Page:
Sarah Ford, a fairly recent graduate of the University of Denver’s Media Film and Journalism Studies School. Ford, 23, Is the OnTopic Content Manager for Examiner.com in Denver Colorado. In this day and age many media outlets thrive off the “quick and dirty” stories that’s impact on the consumer is minimal but somehow captivating. This is true for both TV and online, articles seemed to be pumped out to fill a slot of interest like pumping gas for your car.
This trend in American media creates a large need for these “quick and dirty” pieces so many companies have come about to fill that need. Companies like Examiner.com, who Ford is employed by, is there to fill that space on the local nightly news or late morning talk shows. Ford admits, “these bit and articles aren’t anything to write home about… they fill a space in a broadcast.”
A typical day for Ford entails an early wake up at 7:00 (at least for some) and a trip to downtown Denver where she attends a morning office meeting then meets with her team to discuss the day’s plans, or at least it used to. Due to budget cuts the Examiner.com sold their office in favor for everyone working remotely from home. Ford described the change as “not ideal” stating its harder to communicate with her team and keep everyone on track with work, “I get to wake up later, which is good I guess, but other than there aren’t many benefits to employee’s.” She now spends her day in local coffee establishments drinking the finest hipster coffee that is now roasted made with your fathers sweat or the air Bernie Sanders breathes. Nevertheless, it’s a struggle as she paces to and from the counter all morning trying to communicate with employee’s all around the US. This seems an especially hard task when you realize that her small group of journalist puts out about 122 articles a week, an astonishing amount of work. To put that in perspective some New York Times writers only publish a few articles a month.
A typical morning entails reading hundreds of emails many of which are from producers from stations like CBS2/ KCAL9 in dire need of something for one of their shows. The topics are as Ford describes, “very Buzzfeed eques.” Catchy articles like “10 best places to walk your dog in LA”, “Where should you grab a drink Saturday night.” The ironic thing about it all is that Ford is from small town Durango, Colorado and she’s spent minimal time in LA. From her office in Denver, a hipster coffee shop, her and team based around Denver create this content about LA for LA news stations. The irony is strong as Ford and her team, based in the Denver area, write stories for those media outlets in LA for the people of LA and many have never even been there. She highlights this irony laughing as I give her a perplexed look, “It’s very ironic, I spend all day in Denver researching what’s going on in LA… I often feel like I know more about cities I write content for than I know about my own home in Denver.”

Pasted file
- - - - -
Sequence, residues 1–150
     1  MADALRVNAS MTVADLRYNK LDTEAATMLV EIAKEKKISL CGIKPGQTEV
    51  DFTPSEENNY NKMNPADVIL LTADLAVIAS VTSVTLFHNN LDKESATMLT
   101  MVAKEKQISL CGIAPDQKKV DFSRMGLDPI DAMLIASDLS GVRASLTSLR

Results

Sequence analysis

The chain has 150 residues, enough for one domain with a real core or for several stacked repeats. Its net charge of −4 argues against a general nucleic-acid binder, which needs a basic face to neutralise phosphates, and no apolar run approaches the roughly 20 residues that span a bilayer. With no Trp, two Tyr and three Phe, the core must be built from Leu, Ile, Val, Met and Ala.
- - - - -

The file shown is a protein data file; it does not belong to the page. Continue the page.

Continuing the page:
As the end of day creeps near and Ford consumes her 5th coffee deliciously roasted with Bernie Sanders breath she elates. “The amount of editing and content review I do can be insane,” says Ford, “But I’m at least glad I have the opportunity to do it. As Ford is still very young she knows this won’t be what she does forever, it’s not the dream journalistic job but at least it’s a start. Promising, as well, for all the soon to be grad here at DU from the MFJS school. Ford doesn’t clearly doesn’t love her job but at the same time she loves it because it’s the experience she wants and needs. “I obviously don’t plan to stay here forever but I’m glad I have this opportunity now.”
The way media and journalism has changed recently with the development of native advertising and “click-bate” articles many seem to have lost hope in the field. At the same time however this extremely young alum of DU who graduated not too long ago has a place to work. Journalism used to be defined by elite brands like the New York Times and The Wall Street Journal but the times have really shifted. For better or for worse Ford is a happy camper and excited for her future in the field.